FREDERICK BUILDING PROJECTS: Frederick County projects to open a new arts venue and expand a center serving disabled people will get a financial boost from the state this year, reports Bethany Rodgers for the Frederick News Post. All told, the state granted $577,000 worth of bond funding requests for Frederick County building, expansion and renovation projects for fiscal 2015. Every year, state lawmakers seek to bring home funding for projects in their jurisdictions, and Sen. David Brinkley said he thinks Frederick County has historically done well.

HOWARD BUS DUST-UP: The editorial board for the Sun writes that, easily overlooked in the waning days of the legislative session was a dust-up over how best to manage suburban transit in the Baltimore-Washington corridor. Howard County announced the creation of a Regional Transportation Agency to oversee bus services, raising the hackles of those who support the existing system run by a private nonprofit group. The result was some hardball lobbying in Annapolis and a budget amendment inserted by Sen. Ed DeGrange to withhold state funding for the RTA until a task force can report on the best future for the local bus system. That, in turn, caused Howard County Executive Ken Ulman to announce he’s moving forward with the RTA anyway. As turf wars go, this was relatively minor stuff, but there are some principles involved that deserve a spotlight.

AIDING PRINCE GEORGE’S: WYPR’s Fraser Smith and Karen Hosler talk about the move of a state-level department from Anne Arundel County to Prince George’s County, and why the decision might not be as driven by growth strategy as officials claim.

FEMA AID FOR SNOW REMOVAL: Maryland will receive federal disaster funding to help pay for snow-clearing efforts from a February storm that left a foot and a half of accumulation across parts of the region in a single day, the Federal Emergency Management Agency announced Thursday.

GOP CANDIDATES DEBATE: In a state overwhelmingly controlled and governed by the Democratic party, Maryland Republicans sometimes struggle to find a political foothold and exert influence, writes Jeremy Bauer-Wolf for MarylandReporter.com. At the Johns Hopkins University campus Thursday evening, the GOP gubernatorial candidates were posed questions along that line of thought: Could you work with the other side of the aisle? How do you persuade Democrats to join your line of thinking, and the Republican party? More pertinently: Can you win?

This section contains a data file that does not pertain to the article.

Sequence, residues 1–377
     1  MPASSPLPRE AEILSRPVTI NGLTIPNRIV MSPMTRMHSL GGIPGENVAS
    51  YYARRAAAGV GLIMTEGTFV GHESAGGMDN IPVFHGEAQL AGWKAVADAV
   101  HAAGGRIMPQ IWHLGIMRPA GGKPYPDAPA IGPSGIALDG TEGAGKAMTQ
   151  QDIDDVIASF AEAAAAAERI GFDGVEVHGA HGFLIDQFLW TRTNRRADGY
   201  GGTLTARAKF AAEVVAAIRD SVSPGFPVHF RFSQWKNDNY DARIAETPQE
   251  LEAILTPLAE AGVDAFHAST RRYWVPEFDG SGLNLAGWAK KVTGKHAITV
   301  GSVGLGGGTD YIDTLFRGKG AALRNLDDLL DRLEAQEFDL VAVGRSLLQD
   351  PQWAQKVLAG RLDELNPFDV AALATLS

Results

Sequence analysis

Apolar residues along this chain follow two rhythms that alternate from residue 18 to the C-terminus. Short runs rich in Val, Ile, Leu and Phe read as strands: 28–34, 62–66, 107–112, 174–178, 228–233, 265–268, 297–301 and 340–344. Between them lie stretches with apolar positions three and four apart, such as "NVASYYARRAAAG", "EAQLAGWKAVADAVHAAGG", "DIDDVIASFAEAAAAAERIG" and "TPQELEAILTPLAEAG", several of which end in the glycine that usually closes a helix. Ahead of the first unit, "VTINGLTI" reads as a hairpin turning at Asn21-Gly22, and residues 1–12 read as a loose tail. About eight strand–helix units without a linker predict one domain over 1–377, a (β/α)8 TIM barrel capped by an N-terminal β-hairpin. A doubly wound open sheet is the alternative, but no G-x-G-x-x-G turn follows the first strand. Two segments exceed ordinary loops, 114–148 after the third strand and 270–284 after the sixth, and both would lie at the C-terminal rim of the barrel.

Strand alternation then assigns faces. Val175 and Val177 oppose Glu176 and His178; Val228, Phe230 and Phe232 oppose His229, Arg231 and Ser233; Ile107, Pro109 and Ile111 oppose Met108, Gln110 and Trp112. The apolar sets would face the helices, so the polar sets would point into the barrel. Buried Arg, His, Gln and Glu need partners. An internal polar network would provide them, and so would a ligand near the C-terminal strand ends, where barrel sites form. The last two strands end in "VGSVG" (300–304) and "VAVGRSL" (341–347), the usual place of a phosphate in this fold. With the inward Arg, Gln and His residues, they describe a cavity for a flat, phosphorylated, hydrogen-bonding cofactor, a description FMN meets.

GANSLER AIRS NEGATIVE AD: Attorney General Doug Gansler on Thursday launched the first critical broadcast ad of the 2014 Democratic gubernatorial nomination contest, taking the O’Malley-Brown administration to task for the failed launch of the state’s health care insurance exchange.

MO CO TO APPEAL ELECTION RULING: Montgomery County will appeal last month’s Circuit Court ruling that it violated Maryland election law by using public money to campaign for a 2012 ballot proposition that eliminated certain collective bargaining rights for police, officials said Thursday, writes Bill Turque for the Post.

COLUMBIA DEMS ENDORSE: Amanda Yeager, of the Sun writes that after a marathon voting session that lasted into the early morning hours Thursday, the Columbia Democratic Club has made its endorsements for this June’s Democratic primary elections.

CUMMINGS’ DENIALS QUESTIONED: Members of U.S. Rep. Elijah Cummings’ staff asked the IRS for information about the election integrity group True the Vote, calling into question his vehement denials of his involvement in targeting the group, writes Mark Newgent for Red Maryland. House Oversight and Government reform Committee Chairman Darrell Issa issued a stern letter to Cummings demanding an explanation.

HOPKINS WORKERS PROTEST: Some 2,000 union workers went out on strike Wednesday at Johns Hopkins Hospital in a protest aimed primarily at exposing low wages at Baltimore City’s second biggest employer and one of the nation’s most prestigious hospitals, writes Bruce Vail for In These Times.